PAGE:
Way back in 1971, I had a friend who raved about an album I hadn’t heard and did everything short of frog marching me into a record store to buy it.
It was Derek and the Dominos’ Layla and Other Assorted Love Songs. He was right. As many times as I’ve listened to the title track since I bought the record, it still manages to grab me right from the introductory riff (which came from Duane Allman). It’s a remarkable piece of work.
As much as it’s about the musicianship, it’s Clapton’s passion that seals the deal. He rarely sounded this involved with his work and it elevates everything.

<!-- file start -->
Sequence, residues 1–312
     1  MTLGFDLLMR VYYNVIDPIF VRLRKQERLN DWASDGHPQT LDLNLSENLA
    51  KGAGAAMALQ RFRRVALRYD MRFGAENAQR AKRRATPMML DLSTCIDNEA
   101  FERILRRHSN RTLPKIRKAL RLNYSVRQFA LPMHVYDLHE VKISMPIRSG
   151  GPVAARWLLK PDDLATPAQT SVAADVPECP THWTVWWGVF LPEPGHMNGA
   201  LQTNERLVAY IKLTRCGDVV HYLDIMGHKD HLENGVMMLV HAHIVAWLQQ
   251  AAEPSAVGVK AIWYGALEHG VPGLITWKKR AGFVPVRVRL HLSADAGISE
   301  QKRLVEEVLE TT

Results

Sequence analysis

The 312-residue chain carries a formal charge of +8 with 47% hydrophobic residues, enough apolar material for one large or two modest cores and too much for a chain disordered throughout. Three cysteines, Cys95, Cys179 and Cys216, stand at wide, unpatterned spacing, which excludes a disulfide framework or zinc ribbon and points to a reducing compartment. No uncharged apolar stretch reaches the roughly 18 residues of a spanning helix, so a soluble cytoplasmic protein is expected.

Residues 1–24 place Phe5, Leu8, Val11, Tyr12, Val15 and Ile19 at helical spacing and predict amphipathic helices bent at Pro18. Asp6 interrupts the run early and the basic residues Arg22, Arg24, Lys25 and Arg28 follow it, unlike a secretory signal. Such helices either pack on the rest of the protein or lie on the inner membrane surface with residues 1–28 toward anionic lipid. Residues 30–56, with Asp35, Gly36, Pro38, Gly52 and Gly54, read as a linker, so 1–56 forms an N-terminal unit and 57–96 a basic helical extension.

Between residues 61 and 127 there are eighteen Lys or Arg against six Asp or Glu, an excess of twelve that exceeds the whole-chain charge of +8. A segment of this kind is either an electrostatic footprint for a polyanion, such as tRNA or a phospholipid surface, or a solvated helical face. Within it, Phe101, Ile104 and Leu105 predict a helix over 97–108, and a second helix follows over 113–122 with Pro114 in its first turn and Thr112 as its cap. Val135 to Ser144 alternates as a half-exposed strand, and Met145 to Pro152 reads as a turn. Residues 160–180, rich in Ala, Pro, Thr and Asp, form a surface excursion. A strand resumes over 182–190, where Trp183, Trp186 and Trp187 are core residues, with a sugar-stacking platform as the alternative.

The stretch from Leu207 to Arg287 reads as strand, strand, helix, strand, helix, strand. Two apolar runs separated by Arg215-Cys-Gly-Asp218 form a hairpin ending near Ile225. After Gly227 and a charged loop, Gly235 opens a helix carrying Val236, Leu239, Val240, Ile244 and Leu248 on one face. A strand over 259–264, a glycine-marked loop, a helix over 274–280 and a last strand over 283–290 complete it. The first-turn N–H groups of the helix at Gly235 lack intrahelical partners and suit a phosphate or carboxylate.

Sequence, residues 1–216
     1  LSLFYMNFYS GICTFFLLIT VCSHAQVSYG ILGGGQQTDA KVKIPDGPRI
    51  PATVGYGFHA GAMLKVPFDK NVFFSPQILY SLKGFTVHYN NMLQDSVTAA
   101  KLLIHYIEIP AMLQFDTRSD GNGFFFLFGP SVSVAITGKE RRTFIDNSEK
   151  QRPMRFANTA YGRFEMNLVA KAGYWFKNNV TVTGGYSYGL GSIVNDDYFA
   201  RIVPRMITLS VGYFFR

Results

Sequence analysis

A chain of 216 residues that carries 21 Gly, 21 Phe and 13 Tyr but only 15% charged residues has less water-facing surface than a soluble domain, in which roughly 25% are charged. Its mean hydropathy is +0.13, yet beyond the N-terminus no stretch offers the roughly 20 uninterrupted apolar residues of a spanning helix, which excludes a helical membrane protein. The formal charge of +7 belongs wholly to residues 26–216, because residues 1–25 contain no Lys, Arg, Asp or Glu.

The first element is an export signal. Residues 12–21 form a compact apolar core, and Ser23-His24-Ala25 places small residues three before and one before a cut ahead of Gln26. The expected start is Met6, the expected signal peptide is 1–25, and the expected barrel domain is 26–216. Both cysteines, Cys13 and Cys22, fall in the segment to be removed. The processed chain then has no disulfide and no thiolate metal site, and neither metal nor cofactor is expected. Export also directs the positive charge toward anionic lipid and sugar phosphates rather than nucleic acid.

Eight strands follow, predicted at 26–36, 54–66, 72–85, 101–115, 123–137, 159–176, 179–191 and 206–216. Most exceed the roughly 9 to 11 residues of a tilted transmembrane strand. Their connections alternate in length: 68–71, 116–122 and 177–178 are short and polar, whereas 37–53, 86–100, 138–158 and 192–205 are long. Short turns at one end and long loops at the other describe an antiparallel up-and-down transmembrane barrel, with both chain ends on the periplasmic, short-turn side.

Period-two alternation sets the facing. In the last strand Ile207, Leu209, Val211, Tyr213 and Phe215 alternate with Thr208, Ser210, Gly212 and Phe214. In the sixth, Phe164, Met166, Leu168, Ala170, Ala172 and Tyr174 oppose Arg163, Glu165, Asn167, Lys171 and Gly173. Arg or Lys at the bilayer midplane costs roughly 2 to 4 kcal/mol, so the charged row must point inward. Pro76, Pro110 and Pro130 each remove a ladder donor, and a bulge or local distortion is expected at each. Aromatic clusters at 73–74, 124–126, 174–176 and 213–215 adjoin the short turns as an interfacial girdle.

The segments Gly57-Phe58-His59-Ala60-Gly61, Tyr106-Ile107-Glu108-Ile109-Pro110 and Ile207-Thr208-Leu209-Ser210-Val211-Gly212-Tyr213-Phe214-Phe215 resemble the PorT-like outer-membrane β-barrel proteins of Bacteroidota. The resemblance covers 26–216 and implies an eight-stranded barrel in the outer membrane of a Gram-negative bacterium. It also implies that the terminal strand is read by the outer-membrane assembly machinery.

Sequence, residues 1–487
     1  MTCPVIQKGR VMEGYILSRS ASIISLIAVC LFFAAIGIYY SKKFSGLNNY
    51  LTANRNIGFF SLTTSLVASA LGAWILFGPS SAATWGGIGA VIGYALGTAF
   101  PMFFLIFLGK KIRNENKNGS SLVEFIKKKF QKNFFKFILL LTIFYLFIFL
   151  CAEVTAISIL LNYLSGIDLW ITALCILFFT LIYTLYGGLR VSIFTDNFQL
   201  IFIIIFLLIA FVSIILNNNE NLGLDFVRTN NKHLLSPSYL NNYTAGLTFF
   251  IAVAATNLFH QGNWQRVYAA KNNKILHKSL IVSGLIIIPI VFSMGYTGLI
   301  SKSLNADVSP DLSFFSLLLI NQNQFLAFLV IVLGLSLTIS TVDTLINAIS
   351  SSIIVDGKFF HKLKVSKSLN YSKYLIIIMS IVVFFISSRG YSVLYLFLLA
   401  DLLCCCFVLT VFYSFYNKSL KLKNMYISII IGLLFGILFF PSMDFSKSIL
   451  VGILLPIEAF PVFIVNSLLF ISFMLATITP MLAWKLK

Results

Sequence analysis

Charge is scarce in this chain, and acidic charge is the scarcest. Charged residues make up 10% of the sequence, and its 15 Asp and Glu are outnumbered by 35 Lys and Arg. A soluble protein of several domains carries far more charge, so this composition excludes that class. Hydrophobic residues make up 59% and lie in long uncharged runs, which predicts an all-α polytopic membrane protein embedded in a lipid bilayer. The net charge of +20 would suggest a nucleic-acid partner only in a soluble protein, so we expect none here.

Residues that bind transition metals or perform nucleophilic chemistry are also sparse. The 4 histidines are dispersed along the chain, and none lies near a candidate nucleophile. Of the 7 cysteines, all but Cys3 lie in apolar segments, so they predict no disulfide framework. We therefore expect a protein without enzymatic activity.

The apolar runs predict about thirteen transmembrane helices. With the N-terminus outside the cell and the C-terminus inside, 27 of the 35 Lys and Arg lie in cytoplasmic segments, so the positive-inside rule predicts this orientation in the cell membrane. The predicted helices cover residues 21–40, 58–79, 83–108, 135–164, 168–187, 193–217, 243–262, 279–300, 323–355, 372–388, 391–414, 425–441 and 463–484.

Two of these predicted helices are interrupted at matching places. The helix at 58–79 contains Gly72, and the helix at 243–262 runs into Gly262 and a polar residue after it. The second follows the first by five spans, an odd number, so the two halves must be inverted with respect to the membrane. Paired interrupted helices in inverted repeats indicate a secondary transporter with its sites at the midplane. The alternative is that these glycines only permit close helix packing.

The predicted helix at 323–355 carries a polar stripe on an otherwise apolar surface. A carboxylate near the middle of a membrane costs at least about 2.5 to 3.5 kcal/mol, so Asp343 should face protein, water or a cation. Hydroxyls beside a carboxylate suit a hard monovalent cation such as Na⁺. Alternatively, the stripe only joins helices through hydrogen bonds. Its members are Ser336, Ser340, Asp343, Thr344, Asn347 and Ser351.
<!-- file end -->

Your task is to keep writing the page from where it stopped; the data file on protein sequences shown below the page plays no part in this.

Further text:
But, yeah, those guitars.
I hated the acoustic jazz version Clapton adapted many years later. It sounded sleepy and passionless. But reinvented with the help of Wynton Marsalis as a New Orleans-style dirge-like blues, it connects with me again. (Check out Marsalis’ look at about the 5:40 mark as he watches Clapton wail away on the guitar.)